Where we believe the ELTIF Regulation review will really facilitate the momentum around this investment vehicle is with regards to the simplification of the provisions related to suitability and appropriate investment advice. One of the practical issues most often encountered in the dynamics of the European distribution of ELTIFs has always been around pinning down the entity in charge with the additional suitability checks imposed on ELTIF managers and appropriate investment advice, with contention mostly centred around having local distributors to formally undertake to carry out these activities. A very welcome simplification, which would make engaging with local distributors in pan-European distribution endeavours much easier going forward.

On the same note, we also see that there will be no more thresholds for retail investors to be able to invest in ELTIFs. A very radical change, in our view, which will allow to truly democratise the access to long-term investment opportunities. In its first iteration, the ELTIF retail audience was a more qualified one. By way of oversimplification and analogy, the ELTIF was conceived to be an investment product for the upper class, having an investment portfolio of a certain size, which could allow for the decision to commit to an investment for the longer term.

And whilst we don’t believe there being excessive harm in opening up ELTIFs to the mass retail investor – as many and more exoteric strategies are nevertheless already available to them – the weight that the substantially illiquid nature of this product could have on its success with the retail audience is known. However, the evolution of the debate on the subject of long-term investment opportunities for retail investors has somehow reduced concerns over liquidity. Realistically long-term investments might suit very well retirement/pension contribution situations better than products so far traditionally employed for this purpose. From this perspective, we believe that liquidity might become a less pressing issue.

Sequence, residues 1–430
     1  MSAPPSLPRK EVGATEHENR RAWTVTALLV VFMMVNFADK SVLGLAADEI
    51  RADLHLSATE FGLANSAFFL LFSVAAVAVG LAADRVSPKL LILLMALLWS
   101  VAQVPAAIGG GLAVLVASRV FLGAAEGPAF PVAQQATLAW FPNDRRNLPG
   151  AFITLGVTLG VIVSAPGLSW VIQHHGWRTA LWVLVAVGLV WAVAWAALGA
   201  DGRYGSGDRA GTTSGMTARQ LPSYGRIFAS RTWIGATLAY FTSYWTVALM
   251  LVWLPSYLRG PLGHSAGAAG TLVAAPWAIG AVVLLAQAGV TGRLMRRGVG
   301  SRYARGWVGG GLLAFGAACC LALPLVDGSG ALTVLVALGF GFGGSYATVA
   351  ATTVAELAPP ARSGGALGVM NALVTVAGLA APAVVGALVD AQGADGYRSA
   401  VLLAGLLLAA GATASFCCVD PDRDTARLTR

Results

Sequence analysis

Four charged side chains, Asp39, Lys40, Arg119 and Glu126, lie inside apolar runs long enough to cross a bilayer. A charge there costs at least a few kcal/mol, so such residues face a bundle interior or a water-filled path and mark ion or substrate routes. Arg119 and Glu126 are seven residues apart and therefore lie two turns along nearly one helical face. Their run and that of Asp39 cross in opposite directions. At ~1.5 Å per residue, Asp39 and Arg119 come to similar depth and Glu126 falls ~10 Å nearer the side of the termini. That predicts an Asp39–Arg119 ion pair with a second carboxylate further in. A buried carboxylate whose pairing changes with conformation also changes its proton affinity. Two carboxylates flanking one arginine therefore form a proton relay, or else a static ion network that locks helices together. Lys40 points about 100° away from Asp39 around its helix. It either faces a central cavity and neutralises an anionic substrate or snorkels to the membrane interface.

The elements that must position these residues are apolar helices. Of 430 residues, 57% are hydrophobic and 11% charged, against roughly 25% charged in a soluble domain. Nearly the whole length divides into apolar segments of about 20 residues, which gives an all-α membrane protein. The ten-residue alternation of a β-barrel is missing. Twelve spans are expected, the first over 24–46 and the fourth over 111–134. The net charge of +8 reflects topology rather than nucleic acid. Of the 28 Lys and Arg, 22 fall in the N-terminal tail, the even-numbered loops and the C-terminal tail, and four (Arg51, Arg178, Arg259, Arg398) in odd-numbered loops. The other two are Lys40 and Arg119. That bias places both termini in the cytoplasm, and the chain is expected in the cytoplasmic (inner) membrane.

In addition to that, the proposal of the European Commission opens up to the introduction of a secondary market liquidity mechanism. In simple terms, before the end of the life of an ELTIF it would be possible for investors to exit their investment upon being matched with new entrant investors on a secondary market. ESMA will be in charge of drafting regulatory technical standards for this particular process and provide more granular details on how to establish in practice a secondary market.


With a different identity, less European, but a more sustainable twist to them, ELTIFs are here to stay and time only will tell whether the changes proposed by the European Commission will have the desired effect.

However, we take the view that the ELTIF regulation review should not be seen in a vacuum, rather also in conjunction with the AIFMD review Rules on Marketing non-EU AIFs under NPPR. AIFMD Review rolled out at the same time. The success of ELTIFs in the future will clearly come from a balancing act between making more efficient and versatile the ELTIFs itself, but also make more prohibitive some other practices, like accessing Europe with foreign products, offering investors access to strategies that could well be hosted within a European product.

Get in touch here with your contacts at Veneziano & Partners to see how we can help with understanding the ELTIF Regulation Review.